Big, strong frame with broad shoulders and well-built top half. Lean legs with room to grow; should build out lower half in the next few years and develop a Kyle Farnsworth-type body. May see significant velocity bump in time with it, and with mechanical refinements. A good overall athlete, he moves very well on the field for his size. College position player, still considerable athleticism left in his frame. Missed all of 2016 due to injury and catching up now; arm looked healthy, free, and easy, and he pitched a full workload in 2017. Old for the AZL, though, and didn’t have a good year; either he’s destined for organizational depth with the Chicago White Sox, or something (i.e. role) must change quickly. Outside shot at being a fringe power pitching prospect out of the bullpen.

Bryan Saucedo Scouting Report — Chicago White Sox — 2017 Game Video

Bryan Saucedo Scouting Report — Notes & Analysis

Bryan Saucedo is a physical specimen with definite arm strength and the ability to grow into a serious power pitcher in time, but it won’t come in the starting rotation. He doesn’t have consistent enough secondary stuff to survive in a rotation, and his command profile is seriously lacking — the combination of which, in addition to his raw arm strength and physical stature, should push him to a bullpen role as soon as possible. He struggles right now to throw down in the zone in the low 90s, but some mechanical adjustments working straight to the plate and the inevitability of his arm strength playing up in short stints could push him consistently into the mid-90s in the next few years. Further physical development of his skinny lower half will add some firepower to Saucedo’s raw arm strength, and he might earn a shot at a high-leverage bullpen role because of it.

In addition, a move to the bullpen will see a serious uptick with the rest of his arsenal. First, Saucedo must throw his curveball significantly harder, and short stints will help promote a max effort look with the pitch. The quicker his arm action, and the harder his follow through on the curve, the more likely he flashes a hammer with good, sharp late life. A one-inning role could be the trick to make his curveball pop consistently at 11-to-5 and work into the upper 70s. I’d love to see his spin rate numbers even now as a starter; I think he’s got an outside shot for a legitimate power curveball out of the ‘pen if things go right the next couple years.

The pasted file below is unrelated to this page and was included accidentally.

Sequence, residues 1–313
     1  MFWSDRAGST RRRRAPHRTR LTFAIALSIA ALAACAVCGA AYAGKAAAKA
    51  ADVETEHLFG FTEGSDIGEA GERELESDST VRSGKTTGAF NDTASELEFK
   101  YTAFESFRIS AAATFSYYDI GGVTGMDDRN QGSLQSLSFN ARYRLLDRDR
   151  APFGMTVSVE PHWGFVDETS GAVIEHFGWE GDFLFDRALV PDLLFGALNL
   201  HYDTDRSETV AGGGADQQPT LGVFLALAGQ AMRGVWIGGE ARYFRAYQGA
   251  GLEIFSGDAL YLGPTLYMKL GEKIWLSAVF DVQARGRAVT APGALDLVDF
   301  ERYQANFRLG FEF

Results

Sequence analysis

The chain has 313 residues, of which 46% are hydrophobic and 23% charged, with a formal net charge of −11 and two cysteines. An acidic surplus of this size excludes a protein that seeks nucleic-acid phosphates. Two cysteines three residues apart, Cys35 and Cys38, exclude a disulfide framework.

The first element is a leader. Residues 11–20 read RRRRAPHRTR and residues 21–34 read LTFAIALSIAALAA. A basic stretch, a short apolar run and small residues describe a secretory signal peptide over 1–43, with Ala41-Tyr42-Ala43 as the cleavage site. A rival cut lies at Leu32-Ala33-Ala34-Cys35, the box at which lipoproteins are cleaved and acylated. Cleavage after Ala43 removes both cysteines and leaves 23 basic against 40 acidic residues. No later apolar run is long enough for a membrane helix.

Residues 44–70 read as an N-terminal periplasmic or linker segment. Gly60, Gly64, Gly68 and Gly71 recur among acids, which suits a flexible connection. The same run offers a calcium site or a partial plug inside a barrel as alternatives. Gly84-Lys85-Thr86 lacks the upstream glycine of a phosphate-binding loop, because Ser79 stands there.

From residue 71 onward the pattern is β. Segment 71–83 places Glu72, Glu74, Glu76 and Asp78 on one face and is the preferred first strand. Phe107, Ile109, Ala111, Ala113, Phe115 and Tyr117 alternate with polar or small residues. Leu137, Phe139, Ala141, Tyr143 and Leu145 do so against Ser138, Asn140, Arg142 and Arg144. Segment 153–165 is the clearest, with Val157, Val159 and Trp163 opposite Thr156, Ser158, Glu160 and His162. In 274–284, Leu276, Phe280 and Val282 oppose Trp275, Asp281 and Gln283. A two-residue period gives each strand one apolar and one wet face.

Beyond that, I think it’d be a good idea for Bryan Saucedo—an over-the-top guy nearly to an extreme—to pick up a split-finger fastball. I’ve seen it work for other over-the-top guys in the middle of their bullpen conversions, and I wonder if, far more than his below-average changeup, a splitter would give Saucedo a realistic third look to use as a legitimate strikeout pitch. It’ll take a little bit of feel to develop a splitter, but far less than a changeup, and Saucedo has the arm angle and action that could make the splitter a really, really good pitch for his arsenal — especially out of the bullpen.

Bryan Saucedo Scouting Report — Future Projection

If the Chicago White Sox aren’t going to move Bryan Saucedo to the bullpen, I believe there’s little chance he ever becomes anything more than organizational depth. He doesn’t have good enough command, or consistent feel for his stuff, to face a lineup more than once — especially considering he was 23 years old this summer in the Arizona League and struggled against opponents 3-5 years younger. A move to the bullpen now can’t hurt, and arguably would be wise to max out his abundant physical tools and raw arm strength. It could also push him quickly through a few levels towards more age-appropriate competition. I’d personally love to see him add a splitter to the repertoire one day, but his fastball/curveball combo will play up in a relief role. He’d be more apt to miss bats without having to nibble, too, knowing he has to hold back for a second or third time through the lineup.

In a best-case scenario, Bryan Saucedo could turn into a middle relief (low set-up) prospect if his power stuff takes off in relief. The coming season will go a long way in determining where his future may be; if the Chicago White Sox want to recoup some value out of him, they’d be wise to move Saucedo to the bullpen and let him blow it out in one-inning stints, where he’d likely work his velocity up to the mid-90s in the next few years. The thought of that velocity, from his arm angle, and with a power curve (and maybe even a splitter!) is an intimidating one.

Overall Future Potential (Future Value): As a starter, best-case scenario limited to low-leverage spot starter/emergency call-up role due to command issues; Chicago White Sox would be wise to transition Bryan Saucedo to middle relief/low set-up role (40/42.5)

MLB ETA: 2021


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Bobby DeMuro

Bobby DeMuro is the founder of Baseball Census. A former college and independent league baseball player, he now watches more than 200 games a year working full time for the site. You can follow him on Twitter @BobbyDeMuro for more.